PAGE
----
So Sandy taught us a lot very painfully, a very difficult way. It taught us a lot we needed to know. And all of us who went through it learned and can’t forget and can’t fail to act on the lessons. It is a reminder of a new reality we’re living with, the reality of climate change. The events that we used to consider extreme weather are becoming more common. We can’t act like they’re unexpected. We have to assume they’re coming and be ready. And we’re committed to addressing the root causes of global warming. And we’ll be saying a lot more about that in the next few weeks as we lead up to the United Nations global summit on climate change in September. Every city, every state, every nation has to do their share to try and reverse what’s afflicting us. But in the meantime, we have so much to do to prepare ourselves – to prepare ourselves physically, to make our city more resilient and safe, but also to prepare our people. Because a lot of what matters is the human element, people being ready for what’s thrown at them, being ready to help their fellow New Yorker. So there is a physical element to resiliency and there is a human element too. We weren’t prepared enough on the human side when Sandy hit. We learned a lot of lessons. Everyone here is committed to applying those lessons, and especially Joe Esposito has a particular responsibility, who understands the people of this city very, very well. And we have to help empower them to protect themselves and protect their neighbors.
Now the physical part is on our mind every day as well. Strengthening our defenses against any kind of storm that might hit. Let me give you some of the facts. In Brooklyn, 600,000 cubic yards of new sand have been put in place to protect Coney Island. Staten Island, 26,000 linear feet of dunes have been rebuilt between South Beach and Conference House Park to protect Staten Island. In Queens and the Rockaways, 2.5 million cubic yards of sand in place to protect the Rockaways, another half-million cubic yards coming.
We’ve also won important support, not just from the Army Corps of Engineers that’s done so much of the important work I discussed a moment ago, but also from the US Department of Housing and Urban Development. We won major awards from HUD for resiliency projects – $335 million for an integrated flood protection program around the lower part of the East River that will particularly protect one of our biggest concentrations of public housing and affordable housing; $20 million for flood mitigation at Hunts Point in the Bronx, where our food supply is centered; $60 million for a living shoreline, for natural remedies restoring what mother nature had in place to protect against storms, restoring that living shoreline and the wetlands, etcetera on Staten Island, $60 million to recreate that buffer.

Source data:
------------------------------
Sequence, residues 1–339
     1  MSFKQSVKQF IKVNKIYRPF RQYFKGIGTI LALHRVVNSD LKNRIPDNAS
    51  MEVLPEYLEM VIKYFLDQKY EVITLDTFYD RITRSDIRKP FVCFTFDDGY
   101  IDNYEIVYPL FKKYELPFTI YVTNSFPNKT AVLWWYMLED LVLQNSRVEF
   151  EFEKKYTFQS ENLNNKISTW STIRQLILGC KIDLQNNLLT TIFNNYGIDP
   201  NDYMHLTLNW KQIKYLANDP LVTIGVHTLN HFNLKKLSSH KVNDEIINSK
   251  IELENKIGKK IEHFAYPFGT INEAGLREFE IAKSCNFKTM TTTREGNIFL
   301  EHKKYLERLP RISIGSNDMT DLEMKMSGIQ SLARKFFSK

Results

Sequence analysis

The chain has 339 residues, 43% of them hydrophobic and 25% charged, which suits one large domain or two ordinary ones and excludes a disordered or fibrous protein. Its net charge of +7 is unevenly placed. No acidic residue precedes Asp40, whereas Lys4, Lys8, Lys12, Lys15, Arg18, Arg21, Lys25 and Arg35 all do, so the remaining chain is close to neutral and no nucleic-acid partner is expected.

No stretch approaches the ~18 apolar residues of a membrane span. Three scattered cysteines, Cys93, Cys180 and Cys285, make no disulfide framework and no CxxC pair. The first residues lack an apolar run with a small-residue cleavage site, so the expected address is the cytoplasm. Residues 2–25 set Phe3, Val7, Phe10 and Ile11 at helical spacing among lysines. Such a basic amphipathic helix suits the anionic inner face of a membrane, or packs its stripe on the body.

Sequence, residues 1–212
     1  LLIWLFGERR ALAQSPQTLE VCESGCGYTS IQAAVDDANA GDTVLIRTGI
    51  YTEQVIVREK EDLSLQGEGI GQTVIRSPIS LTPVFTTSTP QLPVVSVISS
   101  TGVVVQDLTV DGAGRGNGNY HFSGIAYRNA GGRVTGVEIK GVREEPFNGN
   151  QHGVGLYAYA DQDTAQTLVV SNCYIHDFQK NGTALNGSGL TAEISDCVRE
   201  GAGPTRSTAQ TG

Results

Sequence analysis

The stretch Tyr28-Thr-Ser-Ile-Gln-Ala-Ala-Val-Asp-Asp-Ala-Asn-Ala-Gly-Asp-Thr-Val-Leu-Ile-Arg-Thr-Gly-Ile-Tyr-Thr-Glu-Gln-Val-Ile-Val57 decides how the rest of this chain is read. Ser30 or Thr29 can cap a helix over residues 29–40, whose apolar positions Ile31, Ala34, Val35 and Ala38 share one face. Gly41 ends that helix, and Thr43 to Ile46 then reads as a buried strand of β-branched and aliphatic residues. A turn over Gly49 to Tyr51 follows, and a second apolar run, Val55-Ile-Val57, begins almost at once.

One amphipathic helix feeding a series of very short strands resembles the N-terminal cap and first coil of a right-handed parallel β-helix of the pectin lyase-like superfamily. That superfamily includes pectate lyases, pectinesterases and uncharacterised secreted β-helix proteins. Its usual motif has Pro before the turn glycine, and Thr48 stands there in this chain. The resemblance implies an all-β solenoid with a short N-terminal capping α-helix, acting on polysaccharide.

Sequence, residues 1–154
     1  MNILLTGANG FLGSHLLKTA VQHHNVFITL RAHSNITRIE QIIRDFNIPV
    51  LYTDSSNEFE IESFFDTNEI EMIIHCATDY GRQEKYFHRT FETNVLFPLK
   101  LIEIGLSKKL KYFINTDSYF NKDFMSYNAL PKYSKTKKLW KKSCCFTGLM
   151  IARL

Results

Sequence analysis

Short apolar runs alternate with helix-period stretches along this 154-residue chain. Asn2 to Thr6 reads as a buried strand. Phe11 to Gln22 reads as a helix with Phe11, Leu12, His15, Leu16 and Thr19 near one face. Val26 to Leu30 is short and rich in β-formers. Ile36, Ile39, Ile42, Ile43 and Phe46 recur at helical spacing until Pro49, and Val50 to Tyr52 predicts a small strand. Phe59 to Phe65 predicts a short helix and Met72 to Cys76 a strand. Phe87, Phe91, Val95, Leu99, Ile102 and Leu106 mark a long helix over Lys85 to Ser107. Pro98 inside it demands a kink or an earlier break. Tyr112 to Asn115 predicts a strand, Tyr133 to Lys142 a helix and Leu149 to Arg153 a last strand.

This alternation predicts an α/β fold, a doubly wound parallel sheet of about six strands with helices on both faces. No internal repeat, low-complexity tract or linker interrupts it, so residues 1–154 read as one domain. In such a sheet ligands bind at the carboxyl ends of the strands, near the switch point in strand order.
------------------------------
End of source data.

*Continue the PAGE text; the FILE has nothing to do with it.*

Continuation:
And we’ve been increasing the city’s resiliency efforts in other areas as well. New laws have been enacted to require flood-resistant construction for healthcare facilities, and to require emergency plans for residential and commercial buildings. We take it all very seriously. And every day that we have good weather is another day that we can continue the work of preparing for the future. We’ve adopted new policies to protect critical infrastructure, including the Department of Environmental Protection guidelines to protect sewage treatment plants and pumping stations from future storm surge and sea level rise. And we’re working in particular to strengthen Red Hook. One example, we’re working with the State of New York to develop a comprehensive flood protection system for Red Hook, something this neighborhood needs. And it’s a high priority for us.
And also in Red Hook, I want to thank Shola and Cecil for their extraordinary efforts because we know that Red Hook East and Red Hook West felt the brunt of Sandy so intensely. We’re in the process of replacing the boilers in those developments with stronger, more resilient ones that will be better able to handle future storms.
So the physical part is moving along strongly. We have a lot to do. It will take years to get it all done. But we’re moving aggressively. The human element has to be attended to – training people, preparing them, letting them know what to do, letting them know how to help each other. People need to know what to do, what the next steps are when a storm is coming. And that’s why we got together today with people who have been trained and we started passing out go bags to neighborhood residents because it’s a simple but important step. Having something ready for any emergency – first aid kit, flashlight, bottled water and energy bars. Making sure that parents remember to bring everything they need for their children, making sure folks who need medications remember to have it right there ready to go. Because when they need to leave, all that matters – ID cards, insurance documents, everything you need.